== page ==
That being said, we’ve still got this episode to analyze.  Although we’re at the point now where there’s not much mystery being revealed, there was still a ton to discuss.

Jack’s got a real pain in the neck

Jack's got a bloody neck again, just like in the season premiere

We were shown this way back in the premiere, but the writers wanted to make sure you didn’t forget: Jack’s got a bit of a problem with a bloody neck.  I’m sure we’ll see how this ties in when the finale airs, but I can’t help but to think back to an old favorite episode of Star Trek: The Next Generation when I see this.  The episode was called “Frame of Mind”, and it had one of the main characters, Commander Riker, continually experiencing a cut on his right forehead.  Different things would trigger it, and sometimes nothing would.  Eventually, we came to learn that Riker was in fact being held in stasis in an alien mind experiment.  The spot on his forehead that continued to bleed in his dreams was where the aliens had hooked up some sort of monitoring system to him.  So what does all that mean?  Well, I think the first guess is that perhaps Jack experiences some sort of throat slash in the main timeline, perhaps similar to what happened to Zoe.  And perhaps he’s either carrying this memory with him, he’s stuck in some sort of stasis himself.  Perhaps the whole flash-sideways as an elaborate Matrix-type experience for everyone in it.  And perhaps, just perhaps, everyone in it has died in the main timeline.

It’s funny; the more I try to theorize about what’s going to happen in the finale, the more I realize how crazy I sound.  But really, the writers have given us so little to go on, that we’re reduced to this kind of wackiness if we want to make any guess at all.  Part of me just wants to sit back, stop theorizing, and let the finale come to me.  I’m sure that’ll happen on Sunday, but after years of theorizing on this blog, I can’t stop now, no matter how off-the-wall some of the logical conclusions might seem.  I hope you guys continue to bear with me.

“Is your mom coming too?”

So…any guesses as to who David’s mom is?  Even money in the office is that it’s Juliet, but who knows for certain.  At this point though, I think it would be more of a trick that it *is* Sarah, as opposed to it not being her.  Clearly, we’ll find out soon enough.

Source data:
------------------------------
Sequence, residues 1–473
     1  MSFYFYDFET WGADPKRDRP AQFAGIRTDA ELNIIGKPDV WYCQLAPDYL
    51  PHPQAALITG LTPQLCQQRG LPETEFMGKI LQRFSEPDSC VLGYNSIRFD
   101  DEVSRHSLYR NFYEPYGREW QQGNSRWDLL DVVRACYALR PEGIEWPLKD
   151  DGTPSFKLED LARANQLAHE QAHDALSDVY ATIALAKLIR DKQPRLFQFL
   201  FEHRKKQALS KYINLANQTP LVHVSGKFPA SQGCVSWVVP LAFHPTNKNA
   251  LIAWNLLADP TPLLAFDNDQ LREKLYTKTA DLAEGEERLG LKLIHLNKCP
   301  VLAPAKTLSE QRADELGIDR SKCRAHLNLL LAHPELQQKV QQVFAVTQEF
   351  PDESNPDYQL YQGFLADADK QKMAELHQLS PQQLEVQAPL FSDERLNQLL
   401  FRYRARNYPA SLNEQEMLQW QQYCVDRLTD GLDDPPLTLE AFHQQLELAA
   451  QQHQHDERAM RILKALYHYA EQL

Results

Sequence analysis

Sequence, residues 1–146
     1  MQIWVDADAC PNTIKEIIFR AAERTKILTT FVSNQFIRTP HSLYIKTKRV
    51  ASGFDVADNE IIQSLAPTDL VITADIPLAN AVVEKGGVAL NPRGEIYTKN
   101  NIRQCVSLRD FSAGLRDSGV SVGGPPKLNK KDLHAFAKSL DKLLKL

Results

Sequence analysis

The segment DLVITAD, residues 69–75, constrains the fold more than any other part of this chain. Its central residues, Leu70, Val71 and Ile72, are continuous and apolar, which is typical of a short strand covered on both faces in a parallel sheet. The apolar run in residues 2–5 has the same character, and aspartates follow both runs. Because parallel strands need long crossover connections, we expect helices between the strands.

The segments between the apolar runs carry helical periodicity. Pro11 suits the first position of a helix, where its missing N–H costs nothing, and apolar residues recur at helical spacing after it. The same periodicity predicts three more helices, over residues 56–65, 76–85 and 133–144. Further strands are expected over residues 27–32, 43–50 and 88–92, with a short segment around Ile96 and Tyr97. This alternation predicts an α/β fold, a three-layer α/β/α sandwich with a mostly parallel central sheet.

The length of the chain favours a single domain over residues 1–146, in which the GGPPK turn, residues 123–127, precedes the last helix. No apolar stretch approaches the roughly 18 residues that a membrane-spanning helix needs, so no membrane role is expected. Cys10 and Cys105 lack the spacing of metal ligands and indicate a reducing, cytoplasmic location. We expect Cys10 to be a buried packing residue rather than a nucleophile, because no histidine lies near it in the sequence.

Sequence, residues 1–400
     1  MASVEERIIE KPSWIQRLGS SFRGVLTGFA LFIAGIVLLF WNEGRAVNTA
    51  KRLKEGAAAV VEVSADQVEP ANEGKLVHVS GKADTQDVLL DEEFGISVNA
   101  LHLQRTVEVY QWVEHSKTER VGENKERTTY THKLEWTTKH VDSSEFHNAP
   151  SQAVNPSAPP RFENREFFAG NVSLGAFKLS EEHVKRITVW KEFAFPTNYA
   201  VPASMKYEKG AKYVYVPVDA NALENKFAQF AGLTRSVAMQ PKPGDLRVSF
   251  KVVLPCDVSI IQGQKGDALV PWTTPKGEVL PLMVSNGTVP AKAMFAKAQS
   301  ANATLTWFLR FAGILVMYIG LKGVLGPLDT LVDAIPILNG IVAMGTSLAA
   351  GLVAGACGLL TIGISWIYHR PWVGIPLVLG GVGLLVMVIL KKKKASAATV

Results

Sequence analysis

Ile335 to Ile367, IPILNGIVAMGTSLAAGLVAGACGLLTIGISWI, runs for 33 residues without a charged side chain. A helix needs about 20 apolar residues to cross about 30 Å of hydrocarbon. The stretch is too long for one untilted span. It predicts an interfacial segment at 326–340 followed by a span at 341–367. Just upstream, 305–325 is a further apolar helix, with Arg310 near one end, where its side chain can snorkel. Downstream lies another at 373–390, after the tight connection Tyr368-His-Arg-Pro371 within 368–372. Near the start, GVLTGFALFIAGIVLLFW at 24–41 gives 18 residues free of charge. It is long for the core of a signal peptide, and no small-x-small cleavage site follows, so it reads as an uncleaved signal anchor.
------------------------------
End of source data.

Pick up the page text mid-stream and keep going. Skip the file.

I don’t know about the rest of you, but the sideways universe (with the Shephard family enjoying breakfast together) is almost a little too good to be true right now.  I’m nearly 100% convinced that the sideways is going to be the epilogue of the series, as some have surmised.  But if it’s that simple…if the events on the island lead to the sideways and there is no further conflict to resolve, I will be highly disappointed.  I almost feel as though this timeline is the result of some great compromise, and that the LOSTies have to “wake up” in order to deal with it.  If somehow the island thread ends with the LOSTies defeating Smokey and getting this timeline as a result, it would seem like a bit of a cop-out.  I hate to jump to conclusions (especially unfounded ones), but I wanted to be on record for that before the finale airs.

Desmond the mastermind

I’m not sure how Desmond knows as much as he does, or how he’s got all of the contacts he has (Widmore, perhaps?), but he’s got a grand plan that he’s desperate to enact.  Clearly, just “knowing” about the island timeline is not enough.  He’s trying to get the right people to remember, perhaps because there’s some final action that they have to take?  Or, because they have to “wake up” from the dream?  Not sure, but the Desmond thread in the sideways timeline makes for an intriguing diversion from the island thread.

“We have to kill him”

Jack and Kate agree that they must kill Locke